The MPX is an attractive choice that blends an MP5 with an AR-15. It is made by a company known for quality and has been battle proven. Its only real detractor is a tendency for gas to blow by the charging handle when shooting, especially when shooting suppressed. Since the charging handle is a smaller size than a typical AR, none of the drop-in solutions will fit, but there are MPX specific charging handles in the works intended to mitigate the problem. This is a nitpick more than anything and doesn’t prevent us from recommending the MPX as a great 9mm carbine.
Sig lists it at just over $2000, but it can be had around $1700 online.
CZ Scorpion EVO 3 S1 (Best for Suppressors)
- All polymer construction
- Closed bolt blowback action
- Folding stock
- Excellent price for performance
The CZ Scorpion is a fantastic multi-role carbine and is our pick if you’re a suppressor junkie.
It works reliably when suppressed, it’s durable enough for competition, and it folds down to a small size. The name may sound familiar since the Scorpion has existed in several forms since its creation in 1961, though the current generation (EVO 3) shares no mechanical similarity with its predecessors.
Select fire EVO 3s are in use with several militaries around the world, and the semi-automatic variant came to the civilian market in early 2015. It features an adjustable trigger reach, an ambidextrous safety and an ambidextrous magazine release. The charging handle is swappable to the right side, and is non reciprocating when firing, so your thumb won’t get in the way if your preferred hold is close to the mag well. The handle is pulled back and up to lock, which means to close the bolt you can do the H&K slap, which is almost as much fun as shooting it. The handguard is covered in M-Lok attachment points and is long enough to fit a variety of lights and foregrips.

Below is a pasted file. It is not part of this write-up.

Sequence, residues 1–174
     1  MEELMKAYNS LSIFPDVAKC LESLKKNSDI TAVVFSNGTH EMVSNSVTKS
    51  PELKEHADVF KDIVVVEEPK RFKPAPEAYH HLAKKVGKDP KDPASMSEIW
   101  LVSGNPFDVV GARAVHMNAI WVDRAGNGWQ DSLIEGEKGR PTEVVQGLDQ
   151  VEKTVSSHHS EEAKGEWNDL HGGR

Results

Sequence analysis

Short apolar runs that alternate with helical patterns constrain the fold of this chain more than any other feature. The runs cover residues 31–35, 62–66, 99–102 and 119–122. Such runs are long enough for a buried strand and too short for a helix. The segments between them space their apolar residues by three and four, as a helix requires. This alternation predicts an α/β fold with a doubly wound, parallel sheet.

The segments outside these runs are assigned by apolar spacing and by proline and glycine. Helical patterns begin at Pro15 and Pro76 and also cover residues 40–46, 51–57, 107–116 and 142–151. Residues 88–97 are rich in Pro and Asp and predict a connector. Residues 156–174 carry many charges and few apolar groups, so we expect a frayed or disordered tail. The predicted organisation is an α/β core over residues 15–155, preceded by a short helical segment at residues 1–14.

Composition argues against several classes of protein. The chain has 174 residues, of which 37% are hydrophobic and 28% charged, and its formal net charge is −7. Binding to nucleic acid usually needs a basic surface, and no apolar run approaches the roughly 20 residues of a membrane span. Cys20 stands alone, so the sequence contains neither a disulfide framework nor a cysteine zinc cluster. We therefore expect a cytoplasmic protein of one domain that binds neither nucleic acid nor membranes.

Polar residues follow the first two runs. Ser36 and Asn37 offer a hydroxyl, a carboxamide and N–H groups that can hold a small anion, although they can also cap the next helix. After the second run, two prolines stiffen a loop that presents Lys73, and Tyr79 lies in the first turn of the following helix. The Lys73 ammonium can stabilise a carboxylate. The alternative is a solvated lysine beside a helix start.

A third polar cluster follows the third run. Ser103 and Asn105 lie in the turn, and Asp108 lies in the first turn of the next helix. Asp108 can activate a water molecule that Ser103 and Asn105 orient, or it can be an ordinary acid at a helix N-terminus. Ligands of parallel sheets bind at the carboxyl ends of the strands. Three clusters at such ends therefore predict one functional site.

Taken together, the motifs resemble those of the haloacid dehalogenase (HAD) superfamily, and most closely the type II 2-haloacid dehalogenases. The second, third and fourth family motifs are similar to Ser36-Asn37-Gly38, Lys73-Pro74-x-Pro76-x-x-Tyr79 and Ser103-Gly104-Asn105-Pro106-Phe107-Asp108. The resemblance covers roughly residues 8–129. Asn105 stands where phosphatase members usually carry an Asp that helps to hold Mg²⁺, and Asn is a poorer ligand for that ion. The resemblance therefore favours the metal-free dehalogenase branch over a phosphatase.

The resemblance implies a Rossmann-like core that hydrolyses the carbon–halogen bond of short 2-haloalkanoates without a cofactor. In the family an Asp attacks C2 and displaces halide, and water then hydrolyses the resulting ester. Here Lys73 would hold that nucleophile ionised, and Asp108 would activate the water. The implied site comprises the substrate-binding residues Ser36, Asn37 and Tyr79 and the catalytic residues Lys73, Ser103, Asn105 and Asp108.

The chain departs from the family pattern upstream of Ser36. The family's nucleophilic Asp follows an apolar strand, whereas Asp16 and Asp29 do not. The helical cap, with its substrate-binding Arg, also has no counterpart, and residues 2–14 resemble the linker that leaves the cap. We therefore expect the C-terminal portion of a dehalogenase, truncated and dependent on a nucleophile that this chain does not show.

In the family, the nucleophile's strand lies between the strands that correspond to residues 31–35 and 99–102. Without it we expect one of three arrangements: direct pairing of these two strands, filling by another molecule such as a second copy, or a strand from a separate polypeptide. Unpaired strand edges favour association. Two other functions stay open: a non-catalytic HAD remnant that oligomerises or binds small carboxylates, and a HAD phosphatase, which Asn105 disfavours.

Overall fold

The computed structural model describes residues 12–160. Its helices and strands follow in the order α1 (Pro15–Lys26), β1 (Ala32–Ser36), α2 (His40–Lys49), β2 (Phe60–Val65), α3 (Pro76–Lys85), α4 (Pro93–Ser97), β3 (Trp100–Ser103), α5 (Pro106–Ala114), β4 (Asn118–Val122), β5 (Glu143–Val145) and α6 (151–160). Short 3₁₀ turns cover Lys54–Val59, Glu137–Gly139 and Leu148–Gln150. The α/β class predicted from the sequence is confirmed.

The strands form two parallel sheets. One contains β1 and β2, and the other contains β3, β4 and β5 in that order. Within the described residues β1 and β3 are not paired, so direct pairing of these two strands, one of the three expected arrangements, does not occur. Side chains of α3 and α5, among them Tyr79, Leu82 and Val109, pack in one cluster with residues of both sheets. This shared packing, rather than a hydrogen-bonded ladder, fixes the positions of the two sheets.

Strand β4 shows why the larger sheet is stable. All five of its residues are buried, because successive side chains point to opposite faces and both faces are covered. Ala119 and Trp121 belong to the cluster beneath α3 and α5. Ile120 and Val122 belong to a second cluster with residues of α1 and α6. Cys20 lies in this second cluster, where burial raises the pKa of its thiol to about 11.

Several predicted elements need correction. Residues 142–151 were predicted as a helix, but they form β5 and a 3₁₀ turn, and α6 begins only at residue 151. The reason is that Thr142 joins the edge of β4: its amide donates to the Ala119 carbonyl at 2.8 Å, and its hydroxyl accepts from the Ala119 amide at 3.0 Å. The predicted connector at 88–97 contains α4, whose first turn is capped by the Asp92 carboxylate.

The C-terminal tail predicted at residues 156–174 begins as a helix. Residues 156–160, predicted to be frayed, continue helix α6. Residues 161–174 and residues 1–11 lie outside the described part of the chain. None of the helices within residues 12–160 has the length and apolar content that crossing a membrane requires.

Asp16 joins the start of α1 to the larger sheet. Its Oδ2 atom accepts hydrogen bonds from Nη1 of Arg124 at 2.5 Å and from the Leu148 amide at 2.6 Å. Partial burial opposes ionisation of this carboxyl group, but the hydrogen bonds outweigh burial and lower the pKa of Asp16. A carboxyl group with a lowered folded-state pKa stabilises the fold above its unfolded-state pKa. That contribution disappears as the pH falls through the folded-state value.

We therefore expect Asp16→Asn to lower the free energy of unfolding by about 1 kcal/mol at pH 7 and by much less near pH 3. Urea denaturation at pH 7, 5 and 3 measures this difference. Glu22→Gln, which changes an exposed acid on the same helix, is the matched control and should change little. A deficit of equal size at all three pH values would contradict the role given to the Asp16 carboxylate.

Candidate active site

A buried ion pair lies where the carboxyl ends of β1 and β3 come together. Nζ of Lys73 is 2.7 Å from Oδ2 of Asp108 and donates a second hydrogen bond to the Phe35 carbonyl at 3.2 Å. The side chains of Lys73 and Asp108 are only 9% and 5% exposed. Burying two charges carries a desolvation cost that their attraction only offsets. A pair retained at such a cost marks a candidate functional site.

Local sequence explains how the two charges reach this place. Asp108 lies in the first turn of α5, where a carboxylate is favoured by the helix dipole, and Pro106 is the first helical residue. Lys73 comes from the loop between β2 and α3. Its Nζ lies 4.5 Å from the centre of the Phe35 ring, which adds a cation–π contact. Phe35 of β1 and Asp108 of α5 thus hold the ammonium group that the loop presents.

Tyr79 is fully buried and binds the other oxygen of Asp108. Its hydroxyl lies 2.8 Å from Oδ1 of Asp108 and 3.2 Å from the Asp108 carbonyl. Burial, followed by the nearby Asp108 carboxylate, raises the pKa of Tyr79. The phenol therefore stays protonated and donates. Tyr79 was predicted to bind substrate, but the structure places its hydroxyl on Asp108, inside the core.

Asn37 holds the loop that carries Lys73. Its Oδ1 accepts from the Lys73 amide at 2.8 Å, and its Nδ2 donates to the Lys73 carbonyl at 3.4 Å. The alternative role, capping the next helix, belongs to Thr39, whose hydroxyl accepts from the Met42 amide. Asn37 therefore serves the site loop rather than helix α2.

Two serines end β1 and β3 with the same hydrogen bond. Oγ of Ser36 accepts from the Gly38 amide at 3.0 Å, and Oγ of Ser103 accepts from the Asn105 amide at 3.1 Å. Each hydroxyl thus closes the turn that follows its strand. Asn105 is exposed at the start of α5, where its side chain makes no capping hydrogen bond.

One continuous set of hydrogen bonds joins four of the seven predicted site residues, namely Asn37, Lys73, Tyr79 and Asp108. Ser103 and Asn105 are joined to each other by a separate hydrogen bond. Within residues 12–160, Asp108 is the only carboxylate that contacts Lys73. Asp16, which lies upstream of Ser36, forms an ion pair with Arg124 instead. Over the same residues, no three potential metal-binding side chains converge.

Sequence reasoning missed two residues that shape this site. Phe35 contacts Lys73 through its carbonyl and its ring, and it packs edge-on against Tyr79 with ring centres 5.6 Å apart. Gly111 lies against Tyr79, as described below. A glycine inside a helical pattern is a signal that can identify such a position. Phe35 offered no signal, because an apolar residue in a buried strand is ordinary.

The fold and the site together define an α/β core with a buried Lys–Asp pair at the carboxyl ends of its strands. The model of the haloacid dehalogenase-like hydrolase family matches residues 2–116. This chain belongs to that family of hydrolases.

When firing it is noticeably light, even for a carbine, coming in at just 7lbs. This is due to its polymer construction, which has been shown to be very durable. The top rail is also polymer, but its fit and finish are so good that it isn’t immediately noticeable. I wouldn’t be too worried about any attachments chewing it up either. It has a 16” barrel topped with a faux suppressor or a muzzle brake, and an overall length of 34.75”. The faux suppressor model has a hollow suppressor that covers the normal 16” barrel underneath, and threads onto the tip. It is for looks only and can be removed while maintaining compliance. The muzzle brake model is functional, and does a good job reducing the already minimal recoil. Both the faux suppressor and muzzle brake variants have 1/2×28 threaded barrels, so muzzle options are plentiful and can be swapped on with minimal effort.
The stock is very sturdy and locks into place with an audible click. It is adjustable, with three options for length of pull. When folded, the overall length drops to 24.5”, and is designed to be operable that way, should you desire to do so. It has a magnet towards the very end of the stock, which is intended to keep the stock against the side of the gun when shooting with it folded. This is nice feature since it prevents the stock from getting in the way, and the magnet is pretty strong. It does have a tendency to grab onto anything magnetic though, so keep that in mind if you wear earrings. It’s at just the right height to get caught when shouldering, and I had to gingerly move it off of a friend’s ear after letting her try it at the range.